Corie Loch on the Corie Loch Trail

A couple of days later we returned. It was just so lovely, this time exploring the eastern end of the glen. In such a beautiful landscape, all we needed to do was follow the way-marked trails to the viewpoints to find a place to take photos. The first such place on the ‘Dog Falls Trail’ was only slightly impaired by one of those granny pines. It is at least a hundred years old, so perhaps it has a right to remain.  A little further, on Corrie Loch, we were provided with a variety of options for both close-up more distant views.  A short drive brought us to Plodda Falls where an adjoining river drops 40 meters, with a viewing platform which gave us the opportunity for angles usually possible only with a drone.

It was a truly memorable couple of days. I really want to return in winter when the mountains and the glen are covered in snow — there is so much to go back for. 

  Drone-like view from the platform at Plodda Falls
Drone-like view from the platform at Plodda Falls

To see more from Paul Glendell and to view the range of Classic Cases and straps see here

All images © Paul Glendell 2018

15 COMMENTS

  1. Such a lovely gentle palette of colours! Is that how they were, or how the M9 saw them, or your pp? Or perhaps a combination of all three? Very enjoyable.
    John N.

  2. Lovely photos, Paul. I will send you some photos that I got on a 15km trek in Wicklow yesterday. The light was not that good, but the foliage was superb.

    William

  3. Thanks Paul,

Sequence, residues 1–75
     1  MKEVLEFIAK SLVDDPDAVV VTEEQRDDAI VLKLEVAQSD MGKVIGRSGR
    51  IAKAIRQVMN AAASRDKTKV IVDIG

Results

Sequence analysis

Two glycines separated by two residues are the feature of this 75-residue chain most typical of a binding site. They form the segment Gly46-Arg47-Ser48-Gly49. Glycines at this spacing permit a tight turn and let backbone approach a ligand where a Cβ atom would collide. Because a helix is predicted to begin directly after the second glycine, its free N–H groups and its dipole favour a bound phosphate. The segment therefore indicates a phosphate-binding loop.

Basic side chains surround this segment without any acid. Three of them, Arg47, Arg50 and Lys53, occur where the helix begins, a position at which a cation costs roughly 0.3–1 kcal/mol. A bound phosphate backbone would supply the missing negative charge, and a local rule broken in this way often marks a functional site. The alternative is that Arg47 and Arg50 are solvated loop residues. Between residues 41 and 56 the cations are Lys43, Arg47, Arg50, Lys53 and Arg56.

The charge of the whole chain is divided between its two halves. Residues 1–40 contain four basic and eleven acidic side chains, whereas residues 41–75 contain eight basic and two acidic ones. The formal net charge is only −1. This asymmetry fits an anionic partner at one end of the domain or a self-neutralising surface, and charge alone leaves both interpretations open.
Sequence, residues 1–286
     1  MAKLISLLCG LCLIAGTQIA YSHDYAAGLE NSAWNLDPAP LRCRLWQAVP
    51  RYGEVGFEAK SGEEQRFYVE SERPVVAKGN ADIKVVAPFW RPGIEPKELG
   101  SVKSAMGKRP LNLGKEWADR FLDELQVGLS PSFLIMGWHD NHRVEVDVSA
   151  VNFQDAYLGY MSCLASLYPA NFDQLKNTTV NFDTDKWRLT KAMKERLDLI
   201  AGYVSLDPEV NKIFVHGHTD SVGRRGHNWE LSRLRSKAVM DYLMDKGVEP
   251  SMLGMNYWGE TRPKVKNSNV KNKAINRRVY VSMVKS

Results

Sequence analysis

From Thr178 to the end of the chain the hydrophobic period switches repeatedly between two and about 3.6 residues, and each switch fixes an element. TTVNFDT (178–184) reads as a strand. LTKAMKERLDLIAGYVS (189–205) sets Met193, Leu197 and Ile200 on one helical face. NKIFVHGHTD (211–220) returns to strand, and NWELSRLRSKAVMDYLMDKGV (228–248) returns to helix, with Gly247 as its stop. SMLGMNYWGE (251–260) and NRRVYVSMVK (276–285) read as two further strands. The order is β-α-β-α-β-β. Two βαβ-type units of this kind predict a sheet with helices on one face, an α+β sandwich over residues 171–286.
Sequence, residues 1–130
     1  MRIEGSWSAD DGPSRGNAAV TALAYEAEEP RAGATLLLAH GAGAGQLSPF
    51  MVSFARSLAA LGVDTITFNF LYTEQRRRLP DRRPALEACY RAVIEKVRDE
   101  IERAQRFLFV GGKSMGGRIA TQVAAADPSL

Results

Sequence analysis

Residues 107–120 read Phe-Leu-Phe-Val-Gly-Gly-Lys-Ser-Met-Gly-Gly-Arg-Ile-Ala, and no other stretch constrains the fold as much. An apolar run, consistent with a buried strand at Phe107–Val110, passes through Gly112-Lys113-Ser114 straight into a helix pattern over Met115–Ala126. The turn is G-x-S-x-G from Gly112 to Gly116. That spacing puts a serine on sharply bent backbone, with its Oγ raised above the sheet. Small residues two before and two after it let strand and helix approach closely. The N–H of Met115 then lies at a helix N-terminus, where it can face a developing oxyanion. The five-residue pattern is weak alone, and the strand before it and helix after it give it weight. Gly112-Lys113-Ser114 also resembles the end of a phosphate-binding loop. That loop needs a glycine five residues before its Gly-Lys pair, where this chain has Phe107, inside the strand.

I really enjoyed reading this and particularly liked the photo of the river flowing into the west end of the loch. I’ll put this on my destination wish list!

    Kevin

  4. Paul, thank you for a lovely tour of Glen Affric. (Android insists that it should spelt ‘Glenn Africa’).

    Your opening shot really does set the scene beautifully. Crops from the left reveal other attractive options. Well worth revisiting.

  5. What a spectacular location! The picture of the Affric river winding through the landscape is very special. This is Scotland as I imagine it.

  6. Thank you one and all for your lovely comments. I am currently in another glen right now Glen Finglas on commission for the woodland trust it’s almost as good as glen affric. Very little ‘tweeking’ of colours in the photos. Only exception is East end of glen affric pic which is hand held HDR. The sensor in the M9 is wonderful, the screen on it is, well let’s just say not so good! Paul

  7. Hello

    Wonderful shots from an amazing glen. The colours of the M9 are truly beautiful. I remember spotting black throated divers near the small lochans up in the hills. Your photos have captured the beauty of the glen.
    Thanks for sharing.

    Jean

  8. Topsy – The photos are cropped to panoramic from a single shot that are shown above I did do some stitch photos as well but the immediacy of the moment with cropping from a single shot works better for me.

LEAVE A REPLY

Please enter your comment!
Please enter your name here

This site uses Akismet to reduce spam. Learn how your comment data is processed.